The power to make law, and especially to reject it, is a measure of sovereignty. If the people have the power to demand that specific laws be made, or if they can refuse to accept proposals for new laws, this is known as direct democracy – the only true form of democracy. The most obvious and common mechanism for expressing such true democracy is the referendum. If the people are sovereign, they must be directly involved in law-making. Every law must have the consent of the people .
While I agree with the principle of involving citizens more directly in the decision making process, there is a reason that the representative democracy was developed. If law were to be passed only by the popular vote, the country would not move forward. Take taxation for example. If given the chance people would certainly choose not to pay any taxes, but without tax revenue, no system of government can survive. This goes to prove that the will of the many is not necessarily the most beneficial.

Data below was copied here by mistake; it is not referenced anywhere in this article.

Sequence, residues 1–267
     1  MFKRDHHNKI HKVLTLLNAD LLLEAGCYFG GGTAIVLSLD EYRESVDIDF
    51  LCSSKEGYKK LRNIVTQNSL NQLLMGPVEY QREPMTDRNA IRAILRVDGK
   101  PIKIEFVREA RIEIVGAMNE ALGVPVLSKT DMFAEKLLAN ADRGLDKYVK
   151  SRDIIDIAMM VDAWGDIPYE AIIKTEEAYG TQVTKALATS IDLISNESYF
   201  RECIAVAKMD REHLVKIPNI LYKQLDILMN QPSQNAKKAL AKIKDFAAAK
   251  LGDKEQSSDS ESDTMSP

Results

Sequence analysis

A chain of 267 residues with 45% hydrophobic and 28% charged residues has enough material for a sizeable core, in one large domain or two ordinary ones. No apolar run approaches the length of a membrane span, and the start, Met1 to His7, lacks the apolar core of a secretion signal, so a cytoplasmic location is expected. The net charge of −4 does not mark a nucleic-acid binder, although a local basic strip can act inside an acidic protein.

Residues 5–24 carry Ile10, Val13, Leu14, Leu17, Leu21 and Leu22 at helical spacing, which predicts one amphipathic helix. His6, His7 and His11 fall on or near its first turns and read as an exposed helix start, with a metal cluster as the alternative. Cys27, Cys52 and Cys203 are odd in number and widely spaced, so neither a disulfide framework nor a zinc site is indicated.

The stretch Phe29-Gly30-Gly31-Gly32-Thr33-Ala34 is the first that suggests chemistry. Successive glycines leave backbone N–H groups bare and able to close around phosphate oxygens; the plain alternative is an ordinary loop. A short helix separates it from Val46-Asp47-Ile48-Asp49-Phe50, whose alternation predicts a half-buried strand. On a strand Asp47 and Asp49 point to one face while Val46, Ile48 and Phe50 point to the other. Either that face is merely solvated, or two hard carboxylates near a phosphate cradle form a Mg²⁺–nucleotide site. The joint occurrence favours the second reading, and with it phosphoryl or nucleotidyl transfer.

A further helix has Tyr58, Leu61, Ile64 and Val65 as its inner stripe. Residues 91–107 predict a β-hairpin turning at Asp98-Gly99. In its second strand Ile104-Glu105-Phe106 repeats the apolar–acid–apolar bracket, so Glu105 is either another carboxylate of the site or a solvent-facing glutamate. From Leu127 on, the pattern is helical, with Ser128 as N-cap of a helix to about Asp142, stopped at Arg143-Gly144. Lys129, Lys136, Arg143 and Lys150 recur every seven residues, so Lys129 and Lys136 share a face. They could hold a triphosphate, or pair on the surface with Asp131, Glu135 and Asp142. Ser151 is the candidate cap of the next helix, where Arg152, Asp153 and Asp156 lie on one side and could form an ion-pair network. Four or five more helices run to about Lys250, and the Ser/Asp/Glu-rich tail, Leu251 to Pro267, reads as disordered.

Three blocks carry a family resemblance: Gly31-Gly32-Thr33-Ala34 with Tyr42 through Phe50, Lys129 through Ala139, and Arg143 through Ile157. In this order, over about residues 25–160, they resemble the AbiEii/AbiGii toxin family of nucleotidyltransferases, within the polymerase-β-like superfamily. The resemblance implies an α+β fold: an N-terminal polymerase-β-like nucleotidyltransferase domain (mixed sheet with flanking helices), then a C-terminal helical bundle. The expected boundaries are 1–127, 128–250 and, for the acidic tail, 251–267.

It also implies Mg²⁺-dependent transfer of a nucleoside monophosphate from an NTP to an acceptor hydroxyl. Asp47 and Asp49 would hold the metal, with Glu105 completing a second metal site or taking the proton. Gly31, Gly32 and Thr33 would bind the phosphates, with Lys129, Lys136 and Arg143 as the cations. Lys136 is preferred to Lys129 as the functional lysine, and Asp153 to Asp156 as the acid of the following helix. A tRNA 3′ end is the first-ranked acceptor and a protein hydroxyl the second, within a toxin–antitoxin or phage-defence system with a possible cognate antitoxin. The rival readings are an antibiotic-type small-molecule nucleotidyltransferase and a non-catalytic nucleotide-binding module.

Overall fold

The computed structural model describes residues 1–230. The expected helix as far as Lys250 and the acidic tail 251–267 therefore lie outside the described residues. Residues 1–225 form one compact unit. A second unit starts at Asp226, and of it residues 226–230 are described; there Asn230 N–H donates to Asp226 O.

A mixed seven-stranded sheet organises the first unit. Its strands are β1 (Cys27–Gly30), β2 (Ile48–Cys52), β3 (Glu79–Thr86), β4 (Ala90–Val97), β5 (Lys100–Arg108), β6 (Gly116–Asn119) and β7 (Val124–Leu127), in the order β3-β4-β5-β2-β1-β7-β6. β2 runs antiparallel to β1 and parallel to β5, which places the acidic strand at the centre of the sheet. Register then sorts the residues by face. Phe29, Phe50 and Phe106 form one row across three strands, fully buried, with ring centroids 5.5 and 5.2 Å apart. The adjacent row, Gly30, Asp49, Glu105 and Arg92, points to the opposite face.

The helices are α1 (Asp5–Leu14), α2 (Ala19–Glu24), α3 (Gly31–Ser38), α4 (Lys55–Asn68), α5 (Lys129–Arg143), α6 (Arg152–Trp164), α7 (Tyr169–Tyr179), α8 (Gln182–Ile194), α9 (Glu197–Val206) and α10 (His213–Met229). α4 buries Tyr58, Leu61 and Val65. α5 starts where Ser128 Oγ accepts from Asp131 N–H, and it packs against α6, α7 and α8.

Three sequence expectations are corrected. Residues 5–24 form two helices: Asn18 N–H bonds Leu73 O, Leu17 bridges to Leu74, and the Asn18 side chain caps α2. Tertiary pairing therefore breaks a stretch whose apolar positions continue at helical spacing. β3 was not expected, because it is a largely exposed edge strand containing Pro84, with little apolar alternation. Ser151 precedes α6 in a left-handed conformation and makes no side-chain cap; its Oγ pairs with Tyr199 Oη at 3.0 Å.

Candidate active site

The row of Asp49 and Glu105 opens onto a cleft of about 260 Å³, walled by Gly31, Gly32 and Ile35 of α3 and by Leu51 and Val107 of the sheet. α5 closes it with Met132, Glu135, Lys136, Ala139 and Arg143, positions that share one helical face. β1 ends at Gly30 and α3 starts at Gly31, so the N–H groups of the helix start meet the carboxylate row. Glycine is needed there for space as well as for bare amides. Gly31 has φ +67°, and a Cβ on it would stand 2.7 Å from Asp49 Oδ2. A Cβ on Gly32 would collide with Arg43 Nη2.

Nevertheless, it makes sense to limit the frequency of referendums. There are various mechanisms to address this, one of which could be for there to be a staturary period of 6 months after being approved by parliament for a law to take effect. In this period if the citizenry objects to a proposed law it has six months to garner a set minimum of petitions to trigger a referendum – this would ensure that uncontroversial laws can be legislated as a matter of routine .
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This content is created by the open source Your Priorities citizen engagement platform designed by the non profit Citizens Foundation